|Ford Escape 2008
The Automotive eZine - Hybrids
New looks, interior and safety features highlight upgrades to compact SUV.
April 14th 2007.
GATINEAU, QUE.Like most things in life marriage proposals, catching a bus, betting on ProLine timing is everything. Take Ford's original Escape.
When the auto maker launched its compact sports-utility vehicle six years ago, essentially, its timing couldn't have been better.
With established sales successes like Honda's CR-V and Toyota's RAV 4, the public was getting accustomed to the idea of compact car-based, tall wagons masquerading as shrunken SUVs. Minivans were losing what little cool they ever had. And specifically for Ford, owners were jumping out of their truck-based mid-sized Explorers and into smaller-sized competitors.
The 2001 Escape also came with a then rare-for-its-class V6 engine. Ample road feel, rugged styling, a roomy interior, Ford's solid reputation as a truck maker and the Escape's "just right size" were additional reasons why Canadians made Escape the best-selling compact SUV in Canada.
But six years is a long time in today's rapidly evolving market.
Original Escape competitors have been recently updated. Plus there's a surfeit of fresh competition from every car maker looking to jump onto the popular compact SUV bandwagon.
More telling, even though 2006 was Escape's best sales year to date, many of those units needed incentives to make their way off the showroom floor.
However, with this new model, current Escape fans (Escapists?) shouldn't be worried that Ford got left behind.
Fundamentally, the new 2008 Escape delivers on all the same promises that made Ford's cute-ute almost as ubiquitous on Canadian streets as Tim Hortons.
The '08 Escape's five-door wagon, all-independent suspension unibody chassis originally derived from the 1998-2002 Mazda 626 sedan is primarily a carryover from the '01 model. As are the three available powerplants: a 153-horsepower 2.3-litre four-cylinder; a 200 hp 3.0L V6; and a 155 hp gasoline-electric hybrid.
As the five-speed manual transmission is now a U.S. market exclusive, gasoline Escapes now come only with a four-speed automatic. Hybrid Escapes retain their continuously variable transmission.
Similar to the last generation Escape, front-wheel drive is standard and all-wheel drive is optional across the board.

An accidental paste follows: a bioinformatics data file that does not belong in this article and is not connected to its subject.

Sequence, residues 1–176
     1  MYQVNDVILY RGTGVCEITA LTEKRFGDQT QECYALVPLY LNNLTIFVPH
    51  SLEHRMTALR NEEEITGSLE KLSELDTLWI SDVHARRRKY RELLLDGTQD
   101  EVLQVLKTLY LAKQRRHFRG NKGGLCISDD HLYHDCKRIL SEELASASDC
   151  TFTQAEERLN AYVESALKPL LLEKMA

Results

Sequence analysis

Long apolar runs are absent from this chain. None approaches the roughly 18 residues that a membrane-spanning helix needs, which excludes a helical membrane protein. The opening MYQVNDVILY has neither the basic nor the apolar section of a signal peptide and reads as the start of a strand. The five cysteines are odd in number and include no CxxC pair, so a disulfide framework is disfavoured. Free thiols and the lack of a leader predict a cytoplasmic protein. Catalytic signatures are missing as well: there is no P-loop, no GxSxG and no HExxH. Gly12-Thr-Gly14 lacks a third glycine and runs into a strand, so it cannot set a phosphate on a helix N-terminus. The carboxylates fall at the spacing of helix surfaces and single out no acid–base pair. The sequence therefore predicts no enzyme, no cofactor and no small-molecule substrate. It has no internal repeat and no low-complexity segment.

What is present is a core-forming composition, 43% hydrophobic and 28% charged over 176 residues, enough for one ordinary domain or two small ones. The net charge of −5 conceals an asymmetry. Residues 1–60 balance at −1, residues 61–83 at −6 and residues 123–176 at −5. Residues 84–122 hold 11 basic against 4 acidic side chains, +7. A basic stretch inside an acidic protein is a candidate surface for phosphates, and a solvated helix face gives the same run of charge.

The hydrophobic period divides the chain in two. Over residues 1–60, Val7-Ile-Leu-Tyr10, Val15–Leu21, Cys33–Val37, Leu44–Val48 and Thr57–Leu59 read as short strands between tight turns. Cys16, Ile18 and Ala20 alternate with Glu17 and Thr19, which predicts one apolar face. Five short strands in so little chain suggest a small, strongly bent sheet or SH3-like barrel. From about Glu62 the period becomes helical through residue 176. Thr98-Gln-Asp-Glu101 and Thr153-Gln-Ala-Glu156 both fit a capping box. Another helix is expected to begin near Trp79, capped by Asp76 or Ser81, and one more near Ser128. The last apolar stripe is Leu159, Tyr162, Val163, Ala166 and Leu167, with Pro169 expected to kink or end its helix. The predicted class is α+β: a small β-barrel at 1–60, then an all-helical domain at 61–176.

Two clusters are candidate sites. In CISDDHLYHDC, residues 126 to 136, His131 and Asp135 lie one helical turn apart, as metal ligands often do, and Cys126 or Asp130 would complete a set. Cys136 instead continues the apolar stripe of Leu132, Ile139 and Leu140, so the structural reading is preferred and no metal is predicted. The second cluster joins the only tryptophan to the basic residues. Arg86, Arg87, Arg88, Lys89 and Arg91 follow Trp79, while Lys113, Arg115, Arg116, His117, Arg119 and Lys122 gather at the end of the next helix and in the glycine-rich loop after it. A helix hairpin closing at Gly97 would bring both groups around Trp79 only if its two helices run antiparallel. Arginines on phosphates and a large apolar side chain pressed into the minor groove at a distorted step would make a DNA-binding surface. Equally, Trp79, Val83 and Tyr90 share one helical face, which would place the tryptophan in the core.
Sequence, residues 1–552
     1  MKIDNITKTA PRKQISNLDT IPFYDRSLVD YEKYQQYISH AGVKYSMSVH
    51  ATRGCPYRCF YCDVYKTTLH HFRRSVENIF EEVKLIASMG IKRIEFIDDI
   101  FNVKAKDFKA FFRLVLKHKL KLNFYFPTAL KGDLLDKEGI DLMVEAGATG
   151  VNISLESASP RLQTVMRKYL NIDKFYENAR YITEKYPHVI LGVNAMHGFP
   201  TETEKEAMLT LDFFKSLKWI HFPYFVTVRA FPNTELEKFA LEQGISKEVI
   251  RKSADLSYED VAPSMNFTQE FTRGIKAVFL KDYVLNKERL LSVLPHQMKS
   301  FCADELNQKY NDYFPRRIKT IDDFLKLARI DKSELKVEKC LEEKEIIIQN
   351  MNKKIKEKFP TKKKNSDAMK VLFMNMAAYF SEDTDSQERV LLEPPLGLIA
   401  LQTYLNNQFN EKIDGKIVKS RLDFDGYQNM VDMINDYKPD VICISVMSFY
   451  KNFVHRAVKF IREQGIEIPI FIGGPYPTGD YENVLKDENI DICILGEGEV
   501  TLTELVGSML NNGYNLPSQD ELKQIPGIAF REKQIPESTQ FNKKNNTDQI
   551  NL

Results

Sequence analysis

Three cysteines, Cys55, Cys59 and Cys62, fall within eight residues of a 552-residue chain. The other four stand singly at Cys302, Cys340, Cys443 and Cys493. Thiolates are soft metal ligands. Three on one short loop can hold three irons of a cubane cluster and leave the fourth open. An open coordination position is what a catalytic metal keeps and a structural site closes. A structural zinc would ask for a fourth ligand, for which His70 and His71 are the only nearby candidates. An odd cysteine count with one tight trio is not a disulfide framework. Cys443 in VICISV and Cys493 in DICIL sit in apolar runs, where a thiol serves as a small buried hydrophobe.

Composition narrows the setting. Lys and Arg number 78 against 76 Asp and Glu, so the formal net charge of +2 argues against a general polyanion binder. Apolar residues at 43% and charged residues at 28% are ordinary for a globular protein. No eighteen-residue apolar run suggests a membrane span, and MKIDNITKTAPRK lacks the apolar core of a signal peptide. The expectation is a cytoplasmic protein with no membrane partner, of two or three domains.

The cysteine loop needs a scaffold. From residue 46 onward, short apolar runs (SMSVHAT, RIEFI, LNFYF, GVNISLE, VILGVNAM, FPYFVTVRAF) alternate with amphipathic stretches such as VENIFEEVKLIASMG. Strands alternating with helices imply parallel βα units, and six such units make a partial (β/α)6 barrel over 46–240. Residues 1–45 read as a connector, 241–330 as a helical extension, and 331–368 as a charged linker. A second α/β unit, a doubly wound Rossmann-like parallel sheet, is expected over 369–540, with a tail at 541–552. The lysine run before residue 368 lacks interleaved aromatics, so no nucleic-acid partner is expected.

Building on the previous model's success, for '08, Ford focused on updating the new Escape's looks, refining the interior, improving fuel economy and adding safety features.
Regardless of how you feel about the cleaned-up looks outside, the heavily revised inside of the '08 Escape is a pretty nice place to be.
Although Ford is bragging that its new cloth seats are recycled from post-industrial materials, I spent the majority of my time in an Escape V6 AWD Limited ($34,499) that had optional heated leather seating. Complementing an already good driving position, the seats are comfortable and supportive. The revised driver's instrumentation is straightforward and clear, and the centre stack controls are well organized, with different shapes and sizes for ease of recognition.
The only complaints are the placement of the trip computer's buttons, hidden ahead of the driver's left knee, a steering wheel that doesn't telescope and panel gaps in some dash pieces that were uneven and quite large.
Notable is the front-disc/rear-drum brakes setup on gasoline engine Escapes (hybrids get discs all-around for regenerative braking purposes).
Nonetheless, whether it's the base model Escape XLS FWD ($23,999), or the $9,870 more expensive top-of-the-line Escape Hybrid AWD, Ford has increased the safety factor.
Two-row curtain airbags, first-row side airbags and an anti-lock braking system are all standard on every '08 Escape. Gasoline models get traction control and a roll stability control system.
Ford wants to increase the proportion of Escape four-bangers beyond the current 20 per cent of total sales to take on the CR-V and Hyundai Tucson. Yet there were no four-cylinder Escapes on hand at the preview held here on the Quebec side of the Ottawa River.
So it was off into the foothills of the Gatineau Park, and then to the streets paved with our taxes (not gold) of downtown Ottawa, in what Ford says is its most popular Escape, one with a V6 and AWD.
Too bad the V6 is lethargic and aurally unpleasant. It doesn't help that with only four speeds where most competitors have five the Ford's slush box sometimes hunts between gears.
The company's claim that interior noise has been quieted in the new Escape by 12 per cent seems credible. And the suspension seemed less noisy over the bombed-out roads near the Quebec town of Wakefield.
Like its crossover big brother the Edge, Ford has given the Escape a heavy, truck-like driving feel. Especially in stop and go traffic. Unlike the last generation Escape, the new model cornered relatively flat. The roll stability control system was appreciated when the 235/70-16 Continental Contitrac all-season rubber couldn't handle some of the sharper corners that had sandy shoulders.
Overall, Ford has made thoughtful upgrades to an already (very) popular vehicle.
With competitors seemingly being added to this burgeoning category every month, only time will tell if new sheet metal, a nicer cockpit and added standard safety equipment is enough to keep the 2008 Ford Escape at the top of the compact SUV sales charts.